This “broader” education is what one expects from institutions of higher learning and from their cultural milieu, be it secular or religious. In fact, belief in God does not suppress the search for truth; on the contrary it encourages it. Saint Paul exhorted the early Christians to open their minds to “all that is true, all that is noble, all that is good and pure, all that we love and honor, all that is considered excellent or worthy of praise” (Ph 4,8). Religion, of course, like science and technology, philosophy and all expressions of our search for truth, can be corrupted. Religion is disfigured when pressed into the service of ignorance or prejudice, contempt, violence and abuse. In this case we see not only a perversion of religion but also a corruption of human freedom, a narrowing and blindness of the mind. Clearly, such an outcome is not inevitable. Indeed, when we promote education, we proclaim our confidence in the gift of freedom. The human heart can be hardened by the limits of its environment, by interests and passions. But every person is also called to wisdom and integrity, to the basic and all-important choice of good over evil, truth over dishonesty, and can be assisted in this task.
The call to moral integrity is perceived by the genuinely religious person, since the God of truth and love and beauty cannot be served in any other way. Mature belief in God serves greatly to guide the acquisition and proper application of knowledge. Science and technology offer extraordinary benefits to society and have greatly improved the quality of life of many human beings. Undoubtedly this is one of the hopes of those who are promoting this University, whose motto is Sapientia et Scientia. At the same time the sciences have their limitations. They cannot answer all the questions about man and his existence. Indeed the human person, his place and purpose in the universe cannot be contained within the confines of science. “Humanity’s intellectual nature finds its perfection ultimately in wisdom, which gently draws the human mind to seek and to love what is true and good” (cf. Gaudium et Spes GS 15). The use of scientific knowledge needs the guiding light of ethical wisdom. Such is the wisdom that inspired the Hippocratic Oath, the 1948 Universal Declaration of Human Rights, the Geneva Convention and other laudable international codes of conduct. Hence religious and ethical wisdom, by answering questions of meaning and value, play a central role in professional formation. And consequently, those universities where the quest for truth goes hand in hand with the search for what is good and noble, offer an indispensable service to society.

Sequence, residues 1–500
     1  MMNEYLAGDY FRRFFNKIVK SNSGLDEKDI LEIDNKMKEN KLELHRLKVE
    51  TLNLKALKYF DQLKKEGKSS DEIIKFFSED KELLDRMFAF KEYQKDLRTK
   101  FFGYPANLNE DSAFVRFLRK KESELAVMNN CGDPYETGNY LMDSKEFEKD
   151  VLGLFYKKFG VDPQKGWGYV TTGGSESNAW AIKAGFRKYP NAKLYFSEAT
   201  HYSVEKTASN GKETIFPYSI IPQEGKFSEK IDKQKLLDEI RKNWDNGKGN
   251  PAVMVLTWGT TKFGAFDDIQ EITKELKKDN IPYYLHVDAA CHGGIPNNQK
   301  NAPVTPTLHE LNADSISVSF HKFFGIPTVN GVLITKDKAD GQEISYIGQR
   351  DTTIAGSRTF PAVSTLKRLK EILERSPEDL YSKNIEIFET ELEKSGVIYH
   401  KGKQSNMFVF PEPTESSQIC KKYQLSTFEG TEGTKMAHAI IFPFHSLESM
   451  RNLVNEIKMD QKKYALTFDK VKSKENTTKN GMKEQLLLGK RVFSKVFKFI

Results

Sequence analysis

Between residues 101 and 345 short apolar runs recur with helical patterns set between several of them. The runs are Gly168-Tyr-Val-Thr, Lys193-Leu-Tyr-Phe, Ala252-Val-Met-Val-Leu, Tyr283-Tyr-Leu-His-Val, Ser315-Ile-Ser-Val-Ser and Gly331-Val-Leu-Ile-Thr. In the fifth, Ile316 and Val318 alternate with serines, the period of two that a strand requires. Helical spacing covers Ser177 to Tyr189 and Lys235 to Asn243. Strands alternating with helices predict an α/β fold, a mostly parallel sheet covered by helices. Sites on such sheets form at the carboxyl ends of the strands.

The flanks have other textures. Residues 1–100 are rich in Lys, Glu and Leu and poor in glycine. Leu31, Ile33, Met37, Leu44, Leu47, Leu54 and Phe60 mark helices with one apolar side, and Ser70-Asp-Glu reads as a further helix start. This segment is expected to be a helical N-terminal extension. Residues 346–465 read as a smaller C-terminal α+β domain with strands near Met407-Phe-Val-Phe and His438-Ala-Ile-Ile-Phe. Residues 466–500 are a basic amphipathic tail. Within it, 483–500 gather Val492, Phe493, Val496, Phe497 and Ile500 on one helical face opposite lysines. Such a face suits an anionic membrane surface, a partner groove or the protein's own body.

With these thoughts in mind, I encourage in a special way the Christian students of Jordan and the neighboring regions, to dedicate themselves responsibly to a proper professional and moral formation. You are called to be builders of a just and peaceful society composed of peoples of various religious and ethnic backgrounds. These realities – I wish to stress once more – must lead, not to division, but to mutual enrichment. The mission and the vocation of the University of Madaba is precisely to help you participate more fully in this noble task.
Dear friends, I wish to renew my congratulations to the Latin Patriarchate of Jerusalem and my encouragement to all who have taken this project to heart, together with those who are already engaged in the educational apostolate in this nation. May the Lord bless you and sustain you. I pray that your dreams may soon come true, that you may see generations of qualified men and women Christian, Muslim and of other religions, taking their place in society, equipped with professional skills, knowledgeable in their field, and educated in the values of wisdom, integrity, tolerance and peace. Upon you and upon all the future students and staff of this University and their families, I invoke Almighty God’s abundant blessings! Thank you!